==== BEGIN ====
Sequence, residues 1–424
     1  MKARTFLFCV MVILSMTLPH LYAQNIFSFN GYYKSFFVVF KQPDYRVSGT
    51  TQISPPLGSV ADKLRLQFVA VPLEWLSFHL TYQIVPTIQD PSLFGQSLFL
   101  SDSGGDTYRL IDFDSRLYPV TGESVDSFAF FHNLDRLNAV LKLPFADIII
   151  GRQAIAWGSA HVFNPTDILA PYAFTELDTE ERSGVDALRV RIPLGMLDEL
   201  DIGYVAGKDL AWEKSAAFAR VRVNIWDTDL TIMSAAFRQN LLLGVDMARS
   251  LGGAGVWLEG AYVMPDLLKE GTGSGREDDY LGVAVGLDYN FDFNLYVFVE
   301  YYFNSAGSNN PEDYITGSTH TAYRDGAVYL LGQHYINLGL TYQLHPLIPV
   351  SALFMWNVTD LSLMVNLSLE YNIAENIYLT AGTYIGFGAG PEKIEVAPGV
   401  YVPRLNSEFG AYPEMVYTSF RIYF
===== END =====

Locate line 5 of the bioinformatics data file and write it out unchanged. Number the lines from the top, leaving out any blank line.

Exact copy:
   151  GRQAIAWGSA HVFNPTDILA PYAFTELDTE ERSGVDALRV RIPLGMLDEL